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6/13/2007
09:30 AM
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Authentication Goes USB Route

TriCipher to debut smart drive-based, multi-factor authentication for $2 to $3 per user

Imagine your bank sending you its branded USB smart drive that contains your multi-factor authentication for online banking and could also store data and music. That's just what some banks will do in the next month or so with TriCipher's new ID Tool ToGo, which the authentication company will roll out tomorrow, Dark Reading has learned.

"We deliver this in a portable USB smart drive. It's a very secure multifactor solution," says Seth Knox, director of product marketing. TriCipher also offers it as a Web-based tool that runs in the client browser, he says.

TriCipher built the tool as an alternative to one-time password tokens, biometrics, and smart cards, which require the user to carry a dedicated hardware device. The ID Tool ToGo just pops into a client's USB port, Knox says.

It's not that banks haven't already been giving out security devices. "There just hasn't been much adoption, because it requires you to carry one per bank," Knox says. "This works with a standard USB drive, so they can offer to download it to an existing USB drive. This is a natural giveaway."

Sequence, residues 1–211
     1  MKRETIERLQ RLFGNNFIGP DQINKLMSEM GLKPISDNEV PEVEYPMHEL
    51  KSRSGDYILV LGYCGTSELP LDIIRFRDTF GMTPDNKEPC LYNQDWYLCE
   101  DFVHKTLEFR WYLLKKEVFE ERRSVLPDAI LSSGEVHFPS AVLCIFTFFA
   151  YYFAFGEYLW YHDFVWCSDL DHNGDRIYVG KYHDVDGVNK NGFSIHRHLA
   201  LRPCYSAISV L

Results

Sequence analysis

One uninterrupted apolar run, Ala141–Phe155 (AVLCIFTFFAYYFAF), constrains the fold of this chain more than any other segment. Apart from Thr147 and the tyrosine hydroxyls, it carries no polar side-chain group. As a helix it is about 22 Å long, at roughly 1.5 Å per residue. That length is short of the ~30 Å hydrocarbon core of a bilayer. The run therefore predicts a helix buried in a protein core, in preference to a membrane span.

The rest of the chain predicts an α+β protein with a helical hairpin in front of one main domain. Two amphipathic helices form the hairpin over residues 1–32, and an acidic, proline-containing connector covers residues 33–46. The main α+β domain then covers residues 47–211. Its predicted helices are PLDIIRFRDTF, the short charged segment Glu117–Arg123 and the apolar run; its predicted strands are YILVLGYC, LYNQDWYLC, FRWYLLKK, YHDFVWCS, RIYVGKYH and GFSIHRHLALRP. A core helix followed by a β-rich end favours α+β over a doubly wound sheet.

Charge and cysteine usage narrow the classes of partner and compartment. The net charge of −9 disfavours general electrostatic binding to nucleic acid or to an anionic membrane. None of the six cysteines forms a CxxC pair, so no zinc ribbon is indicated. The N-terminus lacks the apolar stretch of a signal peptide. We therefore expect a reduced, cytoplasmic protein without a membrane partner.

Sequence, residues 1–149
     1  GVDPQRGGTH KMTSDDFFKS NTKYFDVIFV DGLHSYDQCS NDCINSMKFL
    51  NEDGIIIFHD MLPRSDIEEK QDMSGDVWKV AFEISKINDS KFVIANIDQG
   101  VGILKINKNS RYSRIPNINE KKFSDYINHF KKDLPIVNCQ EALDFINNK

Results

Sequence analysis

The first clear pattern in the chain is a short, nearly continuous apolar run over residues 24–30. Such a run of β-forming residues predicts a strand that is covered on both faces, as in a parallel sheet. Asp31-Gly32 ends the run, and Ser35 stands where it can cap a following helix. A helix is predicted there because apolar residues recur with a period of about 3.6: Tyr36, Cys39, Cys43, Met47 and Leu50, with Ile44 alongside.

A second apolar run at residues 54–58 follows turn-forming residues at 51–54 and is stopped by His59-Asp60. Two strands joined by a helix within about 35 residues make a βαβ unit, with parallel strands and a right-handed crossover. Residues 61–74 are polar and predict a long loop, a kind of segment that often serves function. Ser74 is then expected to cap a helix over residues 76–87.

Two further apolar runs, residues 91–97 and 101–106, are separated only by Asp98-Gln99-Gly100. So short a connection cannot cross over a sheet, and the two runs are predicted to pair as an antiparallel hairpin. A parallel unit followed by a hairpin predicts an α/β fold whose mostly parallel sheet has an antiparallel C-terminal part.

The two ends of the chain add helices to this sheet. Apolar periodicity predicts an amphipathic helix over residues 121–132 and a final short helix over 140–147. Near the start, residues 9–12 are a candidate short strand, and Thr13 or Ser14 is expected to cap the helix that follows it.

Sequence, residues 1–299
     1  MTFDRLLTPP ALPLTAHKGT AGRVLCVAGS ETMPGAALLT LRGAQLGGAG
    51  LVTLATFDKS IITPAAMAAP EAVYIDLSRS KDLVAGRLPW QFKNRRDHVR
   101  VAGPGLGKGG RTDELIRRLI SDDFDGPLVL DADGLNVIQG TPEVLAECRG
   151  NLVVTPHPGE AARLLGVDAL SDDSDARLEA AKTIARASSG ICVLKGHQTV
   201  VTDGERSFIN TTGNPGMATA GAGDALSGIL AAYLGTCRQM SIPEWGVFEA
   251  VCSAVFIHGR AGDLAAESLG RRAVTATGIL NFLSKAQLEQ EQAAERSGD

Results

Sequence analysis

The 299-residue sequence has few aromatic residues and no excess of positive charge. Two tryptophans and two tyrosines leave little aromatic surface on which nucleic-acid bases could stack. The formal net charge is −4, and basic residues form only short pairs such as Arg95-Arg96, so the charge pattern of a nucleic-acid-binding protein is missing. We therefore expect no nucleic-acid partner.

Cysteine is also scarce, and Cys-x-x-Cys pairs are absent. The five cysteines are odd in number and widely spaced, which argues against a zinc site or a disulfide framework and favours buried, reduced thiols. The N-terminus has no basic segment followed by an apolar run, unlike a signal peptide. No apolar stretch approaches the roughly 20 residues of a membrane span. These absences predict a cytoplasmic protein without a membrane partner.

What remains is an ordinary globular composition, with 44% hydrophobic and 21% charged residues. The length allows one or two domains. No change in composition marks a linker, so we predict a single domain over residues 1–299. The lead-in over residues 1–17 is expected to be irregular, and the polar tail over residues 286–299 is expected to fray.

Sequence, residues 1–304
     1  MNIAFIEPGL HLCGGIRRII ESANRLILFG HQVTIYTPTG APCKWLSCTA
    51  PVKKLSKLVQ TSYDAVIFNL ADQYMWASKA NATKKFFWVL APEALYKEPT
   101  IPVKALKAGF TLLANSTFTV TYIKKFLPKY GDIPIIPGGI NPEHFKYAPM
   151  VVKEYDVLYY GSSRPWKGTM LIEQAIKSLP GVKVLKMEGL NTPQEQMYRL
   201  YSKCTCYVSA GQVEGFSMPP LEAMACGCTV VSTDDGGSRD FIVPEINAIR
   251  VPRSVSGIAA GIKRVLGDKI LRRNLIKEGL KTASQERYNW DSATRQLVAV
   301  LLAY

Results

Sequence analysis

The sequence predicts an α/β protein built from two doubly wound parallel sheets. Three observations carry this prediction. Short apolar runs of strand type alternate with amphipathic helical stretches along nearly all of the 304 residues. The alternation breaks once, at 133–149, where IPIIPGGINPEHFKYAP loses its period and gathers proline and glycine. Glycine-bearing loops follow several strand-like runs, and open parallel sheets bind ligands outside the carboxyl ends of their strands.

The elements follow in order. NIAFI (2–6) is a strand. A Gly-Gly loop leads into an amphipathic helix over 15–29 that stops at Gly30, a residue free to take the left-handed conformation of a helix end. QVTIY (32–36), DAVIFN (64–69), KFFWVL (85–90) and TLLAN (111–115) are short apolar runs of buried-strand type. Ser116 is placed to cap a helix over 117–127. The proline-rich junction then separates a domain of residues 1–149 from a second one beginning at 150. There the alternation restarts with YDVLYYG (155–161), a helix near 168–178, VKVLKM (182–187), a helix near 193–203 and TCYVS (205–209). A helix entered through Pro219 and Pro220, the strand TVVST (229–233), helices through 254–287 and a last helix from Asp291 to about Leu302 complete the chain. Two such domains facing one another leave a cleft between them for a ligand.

Knox, who couldn't disclose which banks will be branding its new product, says the device can handle multifactor authentication for multiple banks, so it's more flexible. And other USB smart-card based authenticators require smart-card drivers on the client, he says, but ID Tool ToGo does not.

It uses PKI technology and does all its digital signing on the drive rather than over the wire. And it doesn't send the "shared secret," so it's less susceptible to man-in-the-middle attacks, he says.

"If you go to a hotel business center and plug it in and do your authentication, you still have the same strength as with a home computer with a digital certificate," he says. And when you pop it out of the drive, none of the authentication data remains on the system.

If you're worried about malware finding its way onto the device, Knox notes that TriCipher can run security checks on the devices, and because the user's entire credentials are not stored in any one place, an attacker couldn't steal it with malware. The setup goes like this: The user inserts the smart drive and activates the account. Then a Web browser is automatically launched to the provider's Website (such as a bank), and the user enters his username and password. The rest of the authentication process happens in the background.

TriCipher begins officially shipping the product tomorrow. It's priced at $2 to $3 per user for a perpetual license, and it comes with a built-in Firefox browser.

— Kelly Jackson Higgins, Senior Editor, Dark Reading

  • TriCipher Inc. Kelly Jackson Higgins is the Executive Editor of Dark Reading. She is an award-winning veteran technology and business journalist with more than two decades of experience in reporting and editing for various publications, including Network Computing, Secure Enterprise ... View Full Bio

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